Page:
I can accept that explanation possibly, for the icons of Christ.
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« Reply #81 on: January 28, 2012, 09:20:53 PM »

Habte,

I remember years ago, when I went to see "The Passion of the Christ".  A lot of 'evangelical' Protestants and charismatic types were there; the kind of people that would cry 'idolatry' over Christians who weep before icons, or would accuse St. Basil of idolatry when he said he could not pass by an icon of Abraham about to sacrifice Isaac, without tears.  

Yet, by the end of the movie, there wasn't a dry eye in the whole theater.  So, some how it's fine to cry at millions of moving pictures of Our Lord God and Savour Jesus Christ suffering for us; while it is unacceptable to weep or have an icon of the Crucifixion?

I remember growing up, and my old 'fundamentalist' Methodist grandmother always had pictures of Jesus Christ in her house, always a Bibles with pictures, even statures of Christ praying in the Garden of Gethsemene (that was popular in all kinds of Baptist and Methodist houses).  I remember whenever we did something bad in her house, she'd say, "You see Jesus up there," pointing to Rembrandt's Christ, "He's looking at you; you should do that." And I admit, even when she wasn't there, me, my brother, and my cousin always felt awkward saying or doing anything bad if there was a picture of Christ around.

The whole atmosphere reminded me of that phrase of Flannery O'Connor about the 'Christ haunted South'. Thanks to these attitudes, no one would get in an argument, or would try to avoid it, if there was noticeable religious imagery in the room; you always went outside.
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« Reply #82 on: January 28, 2012, 09:22:37 PM »

Sorry the line:

"You see Jesus up there," pointing to Rembrandt's Christ, "He's looking at you; you should do that."

should read

"you SHOULDN'T do that".

sorry for the typo
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« Reply #83 on: January 28, 2012, 09:24:08 PM »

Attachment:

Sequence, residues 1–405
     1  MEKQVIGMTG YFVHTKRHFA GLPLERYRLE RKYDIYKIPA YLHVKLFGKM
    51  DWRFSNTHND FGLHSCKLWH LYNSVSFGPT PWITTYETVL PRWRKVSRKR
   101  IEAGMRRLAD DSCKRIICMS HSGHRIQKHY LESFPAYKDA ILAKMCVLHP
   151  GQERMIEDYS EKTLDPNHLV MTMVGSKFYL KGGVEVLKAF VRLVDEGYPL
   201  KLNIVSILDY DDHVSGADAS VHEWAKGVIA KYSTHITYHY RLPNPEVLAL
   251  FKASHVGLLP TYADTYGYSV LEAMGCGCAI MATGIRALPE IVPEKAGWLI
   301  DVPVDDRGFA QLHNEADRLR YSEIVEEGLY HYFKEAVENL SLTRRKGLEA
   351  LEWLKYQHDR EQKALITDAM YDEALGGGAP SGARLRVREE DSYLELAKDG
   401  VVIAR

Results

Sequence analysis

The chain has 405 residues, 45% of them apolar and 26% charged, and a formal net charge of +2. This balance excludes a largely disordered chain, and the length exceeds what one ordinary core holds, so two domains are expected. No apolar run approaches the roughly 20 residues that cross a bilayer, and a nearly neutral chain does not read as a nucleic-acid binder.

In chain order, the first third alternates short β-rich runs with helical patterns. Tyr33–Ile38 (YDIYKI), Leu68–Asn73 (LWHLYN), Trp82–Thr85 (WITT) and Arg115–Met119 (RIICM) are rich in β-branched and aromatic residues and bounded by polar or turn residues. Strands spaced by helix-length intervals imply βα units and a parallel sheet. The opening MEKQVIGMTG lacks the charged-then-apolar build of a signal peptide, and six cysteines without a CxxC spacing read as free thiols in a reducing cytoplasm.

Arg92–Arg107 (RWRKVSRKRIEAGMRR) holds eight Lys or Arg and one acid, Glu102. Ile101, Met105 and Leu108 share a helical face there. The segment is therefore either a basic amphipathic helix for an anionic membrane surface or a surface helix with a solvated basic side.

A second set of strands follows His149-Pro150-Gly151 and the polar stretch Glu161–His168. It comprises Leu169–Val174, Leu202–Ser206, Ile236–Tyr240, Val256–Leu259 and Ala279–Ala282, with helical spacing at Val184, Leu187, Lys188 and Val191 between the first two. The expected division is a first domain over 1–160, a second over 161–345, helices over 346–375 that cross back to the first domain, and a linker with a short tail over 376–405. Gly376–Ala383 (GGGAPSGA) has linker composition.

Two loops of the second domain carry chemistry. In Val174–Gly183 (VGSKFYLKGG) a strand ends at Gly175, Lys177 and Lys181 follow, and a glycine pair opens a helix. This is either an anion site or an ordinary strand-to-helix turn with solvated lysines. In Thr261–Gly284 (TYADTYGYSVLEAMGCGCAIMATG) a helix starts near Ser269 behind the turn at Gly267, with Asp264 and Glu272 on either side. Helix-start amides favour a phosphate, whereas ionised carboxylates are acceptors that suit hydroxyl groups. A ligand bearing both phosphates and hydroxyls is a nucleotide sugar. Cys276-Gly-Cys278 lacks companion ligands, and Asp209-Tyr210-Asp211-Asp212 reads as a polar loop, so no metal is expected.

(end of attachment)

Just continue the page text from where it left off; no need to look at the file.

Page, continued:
I really don't understand all the fuss one way or the other.  Most Protestants and Evangelicals have pictures of Jesus up in their  homes, give their kids Christian coloring books with animated Bible stories, watch movies and cartoons about Biblical stories.  What is the difference?

That's rather pathetic if i may say so. Children are hardly kissing and venerating colouring books or video screens and no 'most' Protestants don't have pictures up of Jesus in their homes.
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« Reply #84 on: January 28, 2012, 09:29:50 PM »

I think the idea has to do with how different cultures expressed respect.  I can't imagine the reaction if had been 6 years old and took a picture of Christ and told me Grandmother, "here's what I think of Jesus" and spit on it.

Kissing icons, etc, are just the forms of respect that were paid to people and other things. If the culture iconography had developed in, had been one in which you just looked with longing and devotion on someone, but, never touched them physically, then it would have been transferred to Christian art and iconography.
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« Reply #85 on: January 28, 2012, 09:34:57 PM »

Greetings in that Divine and Most Precious Name of Our Lord and Savior Jesus Christ!


I really don't understand all the fuss one way or the other.  Most Protestants and Evangelicals have pictures of Jesus up in their  homes, give their kids Christian coloring books with animated Bible stories, watch movies and cartoons about Biblical stories.  What is the difference?

That's rather pathetic if i may say so. Children are hardly kissing and venerating colouring books or video screens and no 'most' Protestants don't have pictures up of Jesus in their homes.

My dear, pictures are pictures.  The Eastern Orthodox iconoclasts beef was with ALL religious imagery, you can't have your cake and eat it too.  There is simply no intellectual or theological explanation for this aside from hypocrisy Wink

And yes, the majority of Protestant homes that I have been in have at least ONE picture of Jesus up somewhere.. Come to think of it my grandmother is like FrAugustineFetter, she has both the Rembrandt Jesus AND some bricabrac statues of the Lord's Supper and Jesus with some children on his lap (and we in Orthodox would frown upon statues)  Smiley

Now if you want to be an iconoclast, you must rightfully condemn ALL these images of Jesus or Saints or Angels or any such things, otherwise it is simply an illogical and redundant argument of hair-splitting.  We in Orthodox have images in our homes, in our churches, in our lives, and so to do many Protestants and Evangelicals, in reality, they think we are being sacrilegious because of how we treat these images, we think sometimes they are sacrilegious for how they DO NOT treat these same images, but the images remain the same.  Either God can be experience through human art or He can't, which way is it?